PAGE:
The evolution toward more advanced video compression codecs is creating new opportunities and challenges for content providers. The transition from MPEG-2 to MPEG-4 has helped to shrink the bandwidth required for SD and HD programming, but the transition requires new capital expenditures and business challenges.
A new standard is being developed for High Efficiency Video Coding (HEVC), or H.265, which promises to deliver 30 percent to 50 percent more efficiency than the H.264 standard. Dave Kummer, CTO, EchoStar, says that the first HEVC equipment is expected to rollout next year.
“H.265 will allow EchoStar to efficiently deliver 4K and better 3-D services to customers, and perhaps use it in green-field operations to significantly reduce bandwidth requirements,” says Kummer.
The transition towards HEVC could take five to seven years if the economy is slow, but may come faster if terrestrial TV broadcasters adopt it. Richard Doherty, a research director at technical analysis firm Envisioneering Group, says, “The real key part of this is what the broadcasters may do with H.265, since they are currently stuck with MPEG-2 for broadcast TV. If they go to H.265 for the next generation of over-the-air broadcasts, that would change things more dramatically. If they make the decision in 2014, that will have a huge effect on satellite and cable adoption.”
The MPEG-2 compression standard has matured significantly since it was first established in 1996. Better encoders have helped to reduce the bandwidth required from 8 Mbps to as little as 2 Mbps. At the same time, the cost of the encoders has dropped significantly. The decoders are also being built into standard digital TVs, which has helped to further reduce the costs.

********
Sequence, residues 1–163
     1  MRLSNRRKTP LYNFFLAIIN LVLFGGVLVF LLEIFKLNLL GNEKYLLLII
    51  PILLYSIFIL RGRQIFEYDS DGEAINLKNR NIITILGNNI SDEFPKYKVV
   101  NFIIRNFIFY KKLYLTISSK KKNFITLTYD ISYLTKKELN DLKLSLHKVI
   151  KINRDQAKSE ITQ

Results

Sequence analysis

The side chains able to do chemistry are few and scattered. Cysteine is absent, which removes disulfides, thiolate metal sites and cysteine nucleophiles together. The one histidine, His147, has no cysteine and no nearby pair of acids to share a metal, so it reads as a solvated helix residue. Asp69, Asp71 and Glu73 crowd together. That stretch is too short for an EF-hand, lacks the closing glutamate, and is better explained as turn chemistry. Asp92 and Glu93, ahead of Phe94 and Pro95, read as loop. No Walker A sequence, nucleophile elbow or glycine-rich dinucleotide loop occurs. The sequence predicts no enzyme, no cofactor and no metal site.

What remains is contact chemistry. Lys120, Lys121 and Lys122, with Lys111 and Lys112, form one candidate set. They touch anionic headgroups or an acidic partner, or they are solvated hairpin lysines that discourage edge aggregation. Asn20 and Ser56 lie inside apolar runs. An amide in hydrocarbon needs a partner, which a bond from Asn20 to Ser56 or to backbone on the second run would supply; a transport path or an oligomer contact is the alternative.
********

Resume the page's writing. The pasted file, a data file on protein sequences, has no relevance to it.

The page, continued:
“99 percent of all Americans will get TV in MPEG-2 between now and Christmas,” says Doherty. In the United States, all digital TV is MPEG-2 based, except for a few ATSC mobile DTV channels being delivered in MPEG-4.”
The Dawn of MPEG-4
MPEG-4 (H.264) content distributors are seeing a 40 percent to 50 percent gain in bandwidth, allowing almost a doubling of channels. However, this gain decreases for some of the live sportscasts that have to be at a higher quality rate or for other content when there is a contract clause.
MPEG-4 makes the most sense for DTH operators like Dish and DirecTV as it allows an operator to transmit more content over limited satellite bandwidth. Doherty notes, “In North America, we see Dish embrace MPEG-4 more than DirecTV, which still has a lot of MPEG-2.”
DTH operators are upgrading consumers when a hard disk drive used for PVRs fails. Doherty explains, “When you have a PVR box that fails that is a good time to upgrade. EchoStar has been doing it for four years, and DirecTV for about three years.”
However, this can lead to bandwidth inefficiencies when the DTH operator has to maintain parallel MPEG-4 and MPEG-2 broadcasts. Doherty said some channels are duplicated. For example while some of the newer HBO channels are only sent in MPEG-4, some of the older channels like HBO East and HBO West are still simulcast in both MPEG-4 and MPEG-2. Doherty explains, “My understanding is they still have millions of MPEG-2 only receivers out there.”